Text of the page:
• The administration has refused to comply with numerous requests for information from Congress, something it's been allowed to get away with mainly because the Republicans control both the Senate and the House. On issues ranging from Cheney's energy task force and Halliburton to Abu Ghraib and Nigerian uranium, the administration has just said no.

The Waxman report cites a Washington Post article from November 2003 in which the White House made it clear that it simply would not respond to congressional Democrats anymore. The Post quoted an e-mail from White House official Timothy Campen that read in part: "Given the increase in the number and types of requests we are beginning to receive from the House and Senate, and in deference to the various committee chairmen and our desire to better coordinate these requests, I am asking that all requests for information and materials be coordinated through the committee chairmen and be put in writing from the committee."

What was left unsaid by Campen -- but understood by all -- is that every committee in Congress is chaired by a Republican.

U.S. Rep. John Tierney of Massachusetts recalls the struggle that he and other Democrats went through to bring to light information about the failures and shortcomings of the National Missile Defense Program -- Bush's update of Reagan's old "Star Wars" pipe dream. Tierney, who serves with Henry Waxman on the Government Reform Committee, says, "We had to fight like cats and dogs over a period of months" to get the requested information. And then, after the information had been brought to light, the White House reclassified it, forcing Congress to remove it from publicly available Web sites. Calling the White House's attitude "an absolute lack of cooperation," Tierney says, "It's as though the White House doesn't want Congress to have a role. In essence, they want to shut up the voice of the people and do what they want to do."

If anything, U.S. Rep. Stephen Lynch, a South Boston Democrat and, like Tierney, a member of the Government Reform Committee, is even blunter. Lynch supports legislation that would undo some of the Bush administration's assault on the Freedom of Information Act, but he has little hope that it will pass the Republican Congress. "It's just part of an overall pattern to prevent Congress from doing their job," Lynch told me. "We are supposed to exercise certain checks and balances upon each other, and in this case, largely because of executive privilege or executive order, they have vastly reduced the amount of information that Congress has at its disposal to do its job. We are heading toward a constitutional crisis."

But before we can have a constitutional crisis, we need some sign that the public cares about what it's not being told. I put that to Waxman, and he responded by blaming the media. "I think the public is not aware of all that they don't know about," he says. "I don't think the press has been particularly responsible in reporting these stories. I think there was a lot of attention paid to Vice President Cheney and his energy task force, which he insisted on keeping secret. And I think that the public did not like that. But other stories come, and some of these matters get pushed aside. And that's why we did the comprehensive report we did, because I don't think most people realize what a clear pattern there is." Yet how is the public supposed to know about Waxman's report if the media, for the most part, haven't reported on it?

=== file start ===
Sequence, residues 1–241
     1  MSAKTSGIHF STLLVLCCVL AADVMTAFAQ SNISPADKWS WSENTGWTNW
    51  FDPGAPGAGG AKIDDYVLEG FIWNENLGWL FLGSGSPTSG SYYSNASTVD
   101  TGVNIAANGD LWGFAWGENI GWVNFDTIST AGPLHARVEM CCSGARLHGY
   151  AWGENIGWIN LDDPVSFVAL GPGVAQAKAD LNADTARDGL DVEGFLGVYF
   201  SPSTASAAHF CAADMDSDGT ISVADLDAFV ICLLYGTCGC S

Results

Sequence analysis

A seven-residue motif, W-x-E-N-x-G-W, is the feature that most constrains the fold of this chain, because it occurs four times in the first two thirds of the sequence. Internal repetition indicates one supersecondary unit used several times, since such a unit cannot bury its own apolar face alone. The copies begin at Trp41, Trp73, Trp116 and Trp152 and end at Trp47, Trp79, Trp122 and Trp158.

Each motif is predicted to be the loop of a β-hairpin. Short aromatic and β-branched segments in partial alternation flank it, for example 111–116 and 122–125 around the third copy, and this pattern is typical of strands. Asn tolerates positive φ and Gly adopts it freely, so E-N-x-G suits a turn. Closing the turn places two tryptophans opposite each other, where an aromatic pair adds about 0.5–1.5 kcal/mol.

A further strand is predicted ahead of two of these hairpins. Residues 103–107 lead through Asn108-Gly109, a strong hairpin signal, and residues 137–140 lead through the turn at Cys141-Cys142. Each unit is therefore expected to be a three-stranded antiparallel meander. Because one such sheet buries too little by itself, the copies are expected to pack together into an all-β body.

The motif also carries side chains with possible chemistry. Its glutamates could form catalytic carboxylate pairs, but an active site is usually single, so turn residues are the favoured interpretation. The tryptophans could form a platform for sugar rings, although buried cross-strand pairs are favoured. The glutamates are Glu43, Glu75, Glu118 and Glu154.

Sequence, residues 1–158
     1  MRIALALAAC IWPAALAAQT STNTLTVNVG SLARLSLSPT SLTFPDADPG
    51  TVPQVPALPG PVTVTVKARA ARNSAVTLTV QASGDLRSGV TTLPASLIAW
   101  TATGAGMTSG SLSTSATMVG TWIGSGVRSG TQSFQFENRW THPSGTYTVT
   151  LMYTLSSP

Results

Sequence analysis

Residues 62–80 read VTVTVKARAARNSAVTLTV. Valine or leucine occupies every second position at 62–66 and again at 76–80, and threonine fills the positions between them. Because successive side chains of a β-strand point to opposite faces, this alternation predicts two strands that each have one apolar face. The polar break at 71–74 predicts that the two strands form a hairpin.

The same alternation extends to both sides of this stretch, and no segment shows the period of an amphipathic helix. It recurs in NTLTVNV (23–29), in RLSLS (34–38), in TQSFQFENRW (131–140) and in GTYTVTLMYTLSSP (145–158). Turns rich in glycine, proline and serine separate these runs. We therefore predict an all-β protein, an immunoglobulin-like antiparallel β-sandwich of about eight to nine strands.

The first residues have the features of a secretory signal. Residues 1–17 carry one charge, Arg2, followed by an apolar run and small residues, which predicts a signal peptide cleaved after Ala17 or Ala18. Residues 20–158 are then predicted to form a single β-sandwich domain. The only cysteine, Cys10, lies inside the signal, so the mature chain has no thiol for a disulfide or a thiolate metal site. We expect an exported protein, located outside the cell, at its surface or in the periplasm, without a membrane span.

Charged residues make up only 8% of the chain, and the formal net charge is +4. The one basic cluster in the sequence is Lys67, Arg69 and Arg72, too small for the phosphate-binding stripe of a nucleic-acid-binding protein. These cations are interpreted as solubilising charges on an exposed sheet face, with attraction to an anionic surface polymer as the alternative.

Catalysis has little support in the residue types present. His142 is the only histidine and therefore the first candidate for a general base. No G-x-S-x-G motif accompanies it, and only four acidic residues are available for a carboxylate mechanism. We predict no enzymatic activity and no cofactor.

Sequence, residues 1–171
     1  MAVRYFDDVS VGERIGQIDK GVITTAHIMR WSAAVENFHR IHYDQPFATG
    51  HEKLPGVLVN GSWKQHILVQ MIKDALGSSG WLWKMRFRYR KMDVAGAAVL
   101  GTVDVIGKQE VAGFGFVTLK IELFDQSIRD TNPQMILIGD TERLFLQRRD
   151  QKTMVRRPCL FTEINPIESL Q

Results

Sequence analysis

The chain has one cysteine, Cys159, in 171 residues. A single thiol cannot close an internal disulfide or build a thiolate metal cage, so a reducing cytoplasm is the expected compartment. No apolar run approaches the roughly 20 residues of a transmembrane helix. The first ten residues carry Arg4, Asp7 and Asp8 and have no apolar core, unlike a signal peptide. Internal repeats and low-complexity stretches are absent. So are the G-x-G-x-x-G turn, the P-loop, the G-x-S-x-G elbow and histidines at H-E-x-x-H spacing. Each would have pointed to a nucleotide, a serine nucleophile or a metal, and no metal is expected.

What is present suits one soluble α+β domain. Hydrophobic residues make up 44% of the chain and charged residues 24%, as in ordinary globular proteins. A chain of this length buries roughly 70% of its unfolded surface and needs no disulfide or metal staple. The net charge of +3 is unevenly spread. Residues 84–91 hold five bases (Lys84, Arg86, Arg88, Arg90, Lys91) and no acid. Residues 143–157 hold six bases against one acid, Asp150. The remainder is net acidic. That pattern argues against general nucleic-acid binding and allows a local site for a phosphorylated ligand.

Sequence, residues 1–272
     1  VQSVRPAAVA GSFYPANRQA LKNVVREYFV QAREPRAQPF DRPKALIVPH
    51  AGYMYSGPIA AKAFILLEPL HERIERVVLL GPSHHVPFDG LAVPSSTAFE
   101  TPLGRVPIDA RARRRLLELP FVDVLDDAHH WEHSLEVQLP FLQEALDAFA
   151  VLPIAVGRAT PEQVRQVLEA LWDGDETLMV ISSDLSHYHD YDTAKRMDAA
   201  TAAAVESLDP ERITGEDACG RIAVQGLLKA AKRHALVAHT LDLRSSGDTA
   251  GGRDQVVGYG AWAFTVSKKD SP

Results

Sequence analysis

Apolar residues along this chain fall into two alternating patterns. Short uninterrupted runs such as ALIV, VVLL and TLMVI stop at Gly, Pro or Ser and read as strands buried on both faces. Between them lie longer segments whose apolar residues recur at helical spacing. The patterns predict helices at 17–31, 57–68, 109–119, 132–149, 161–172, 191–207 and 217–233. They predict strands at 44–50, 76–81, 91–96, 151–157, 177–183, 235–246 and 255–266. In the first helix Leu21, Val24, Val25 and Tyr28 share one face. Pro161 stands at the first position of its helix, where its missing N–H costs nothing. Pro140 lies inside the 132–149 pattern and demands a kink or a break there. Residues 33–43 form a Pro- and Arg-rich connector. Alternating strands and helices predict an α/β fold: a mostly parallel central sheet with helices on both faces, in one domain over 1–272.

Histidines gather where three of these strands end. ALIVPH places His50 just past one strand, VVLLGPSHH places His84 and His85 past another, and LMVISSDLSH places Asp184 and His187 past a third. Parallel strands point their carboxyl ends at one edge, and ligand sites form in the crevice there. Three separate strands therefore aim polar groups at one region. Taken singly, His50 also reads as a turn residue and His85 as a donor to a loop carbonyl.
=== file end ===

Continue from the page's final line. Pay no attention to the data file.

We are dealing with an administration that uses secrecy to advance every aspect of its political agenda. If we don't act to stop it now, it may soon be too late: We won't know what we don't know, to paraphrase Secretary of Defense Donald Rumsfeld -- who, believe it or not, was an outspoken supporter of the Freedom of Information Act when he was a Republican congressman from Michigan in the 1960s.



"We as a society have taken openness for granted for almost 40 years now," says long-time First Amendment activist Jane Kirtley, the Silha Professor of Media Ethics and Law at the University of Minnesota's School of Journalism and Mass Communication. "You only miss something when it's gone. The reality is that the Bush administration has been savvy enough to know that they just can't categorically rescind the First Amendment or cancel the Freedom of Information Act. It's this slow erosion of access.

"This is a Molotov cocktail waiting to go off," adds Kirtley, for whom Bush's re-election increases suspicions "that the mandate [will] be justification for even more of this kind of thing."

Perhaps the most frightening aspect of Bush's penchant for secrecy is that he's established a precedent for how a failed president can win re-election: by placing evidence of his failure beyond public view, locked away, making it impossible for people to cast an informed vote. You can't get upset that government agents are snooping on Internet users if you don't know they're doing it. You can't worry about missing explosives in Iraq if you haven't been told they're missing.

If you think about it, Bush's entire campaign was based on a simple-minded appeal to protect you from them: terrorists, trial lawyers, gays and lesbians, whatever. It's not the sort of appeal that holds up well to a full airing of the issues. Secrecy, in other words, is Bush's best friend. The more you listen, the less you know. And the longer Bush is president, the less you'll be allowed to know.